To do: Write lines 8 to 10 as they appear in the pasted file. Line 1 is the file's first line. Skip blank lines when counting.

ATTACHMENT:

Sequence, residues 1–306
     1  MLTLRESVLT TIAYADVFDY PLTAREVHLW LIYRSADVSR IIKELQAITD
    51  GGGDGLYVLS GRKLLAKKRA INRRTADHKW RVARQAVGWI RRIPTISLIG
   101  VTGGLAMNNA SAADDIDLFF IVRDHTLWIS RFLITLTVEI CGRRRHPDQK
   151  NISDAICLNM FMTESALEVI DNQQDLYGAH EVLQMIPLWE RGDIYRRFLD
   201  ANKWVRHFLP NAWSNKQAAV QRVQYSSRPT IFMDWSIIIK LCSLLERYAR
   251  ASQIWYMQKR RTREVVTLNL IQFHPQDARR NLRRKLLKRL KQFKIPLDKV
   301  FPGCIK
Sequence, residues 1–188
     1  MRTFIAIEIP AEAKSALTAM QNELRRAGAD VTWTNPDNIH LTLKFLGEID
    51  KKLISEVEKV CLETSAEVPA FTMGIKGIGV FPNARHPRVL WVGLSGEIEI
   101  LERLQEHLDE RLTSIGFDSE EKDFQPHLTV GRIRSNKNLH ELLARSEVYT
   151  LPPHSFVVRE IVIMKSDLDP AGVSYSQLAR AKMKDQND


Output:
   301  FPGCIK
Sequence, residues 1–188
     1  MRTFIAIEIP AEAKSALTAM QNELRRAGAD VTWTNPDNIH LTLKFLGEID